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Upon the first time accessing a server, how can I force SSH to give me the RSA key and automatically store it if the user approves?

Presently it is offering me the ECDSA key. Because I already know the RSA key, I would prefer to see the RSA key presented at this point.

I have tried:

ssh -o RSAAuthentication=yes user@server

Unfortunately this gives me an ECDSA key and the Are you sure you want to continue connecting (yes/no)? message.

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By removing the ECDSA algorithms from the HostKeyAlgorithms configuration variable.

ssh -o,,,,ssh-rsa,ssh-dss user@server

I've simply removed all the ECDSA algorithms from the default list.

You can, of course, put that in your .ssh/config for that machine:

Host: server
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up vote 4 down vote accepted

Don't use RSA since ECDSA is the new default.

On the server do this: ssh-keygen -l -f /etc/ssh/ and record that number.

On the client you can SSH to the host and if and when you see that same number, you can answer the prompt Are you sure you want to continue connecting (yes/no)? affirmatively. Then the ECDSA key will get recorded on the client for future use.

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yeah but how about if I have an old application that needs RSA to maintain compatibility until there is a business decision to update to ecdsa? – enthusiasticgeek Dec 8 '14 at 23:02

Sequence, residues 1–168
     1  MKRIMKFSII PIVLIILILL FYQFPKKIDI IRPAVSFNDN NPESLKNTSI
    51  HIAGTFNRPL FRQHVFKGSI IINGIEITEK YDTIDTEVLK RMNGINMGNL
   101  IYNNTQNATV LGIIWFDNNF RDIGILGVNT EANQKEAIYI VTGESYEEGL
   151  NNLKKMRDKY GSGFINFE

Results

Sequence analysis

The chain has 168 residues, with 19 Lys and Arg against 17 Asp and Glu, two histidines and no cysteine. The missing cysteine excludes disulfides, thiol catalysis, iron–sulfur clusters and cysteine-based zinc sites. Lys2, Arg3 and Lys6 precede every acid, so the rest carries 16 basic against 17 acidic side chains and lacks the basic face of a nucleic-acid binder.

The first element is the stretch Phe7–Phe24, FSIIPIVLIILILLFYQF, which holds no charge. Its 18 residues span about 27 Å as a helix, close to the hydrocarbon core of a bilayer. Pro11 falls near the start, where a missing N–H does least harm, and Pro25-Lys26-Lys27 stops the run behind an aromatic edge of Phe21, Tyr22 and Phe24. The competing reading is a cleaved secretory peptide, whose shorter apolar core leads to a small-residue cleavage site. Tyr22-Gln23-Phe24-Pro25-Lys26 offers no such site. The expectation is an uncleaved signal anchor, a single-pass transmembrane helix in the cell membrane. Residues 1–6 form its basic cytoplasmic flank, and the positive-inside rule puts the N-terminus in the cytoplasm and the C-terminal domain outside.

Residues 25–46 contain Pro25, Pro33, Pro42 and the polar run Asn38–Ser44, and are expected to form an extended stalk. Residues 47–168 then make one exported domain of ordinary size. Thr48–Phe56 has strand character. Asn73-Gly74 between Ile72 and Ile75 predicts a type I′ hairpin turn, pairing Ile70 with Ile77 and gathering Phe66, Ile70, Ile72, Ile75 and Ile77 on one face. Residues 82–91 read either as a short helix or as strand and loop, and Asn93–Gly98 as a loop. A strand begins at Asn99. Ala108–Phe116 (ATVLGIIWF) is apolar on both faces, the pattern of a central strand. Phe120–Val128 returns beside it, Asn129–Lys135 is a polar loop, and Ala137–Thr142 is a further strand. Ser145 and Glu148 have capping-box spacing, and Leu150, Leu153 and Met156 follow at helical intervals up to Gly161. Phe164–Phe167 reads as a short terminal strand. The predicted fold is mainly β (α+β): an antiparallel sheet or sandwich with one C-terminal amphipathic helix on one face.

@RobertSiemer only the original question poster can change the accepted answer. I am unable to do so. – enthusiasticgeek Feb 16 at 4:15
H2ONaCl: please change your accepted answer. This one does not do what you asked for. @enthusiasticgeek sorry, mixup. – Robert Siemer Feb 16 at 15:34

Yes, OK switch to ECDSA soon, but in the meantime try this:

ssh -o HostKeyAlgorithms=ssh-rsa -o FingerprintHash=md5
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Or, if you insist on having the RSA key approach, you can type ssh-keygen -t rsa on the server that you intend to SSH to.

That should generate RSA public and private keys under '~/.ssh/id_rsa'. Now all you need to do is to copy the public key under $HOME/.ssh/authorized_keys of all those machines from which you intend to ssh to the machine on which you generated your RSA keys.

And then sit back and relax!

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You realize that the question was not about the client-side key but about the server key? – 0xC0000022L Jul 29 '15 at 22:47

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